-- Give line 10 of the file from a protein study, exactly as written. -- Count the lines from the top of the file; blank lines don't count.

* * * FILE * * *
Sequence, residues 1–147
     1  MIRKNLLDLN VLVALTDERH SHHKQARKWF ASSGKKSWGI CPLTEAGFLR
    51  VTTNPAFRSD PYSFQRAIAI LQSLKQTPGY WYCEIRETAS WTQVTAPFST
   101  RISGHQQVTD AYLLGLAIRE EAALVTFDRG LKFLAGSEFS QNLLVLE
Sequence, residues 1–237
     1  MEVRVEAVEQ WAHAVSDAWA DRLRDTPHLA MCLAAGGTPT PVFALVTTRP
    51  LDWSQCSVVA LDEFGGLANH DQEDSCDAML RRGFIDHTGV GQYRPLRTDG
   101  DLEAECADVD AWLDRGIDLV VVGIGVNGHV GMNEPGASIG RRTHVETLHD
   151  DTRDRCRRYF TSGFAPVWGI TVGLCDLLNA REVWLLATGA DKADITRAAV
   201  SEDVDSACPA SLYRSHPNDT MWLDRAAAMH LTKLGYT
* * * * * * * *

   201  SEDVDSACPA SLYRSHPNDT MWLDRAAAMH LTKLGYT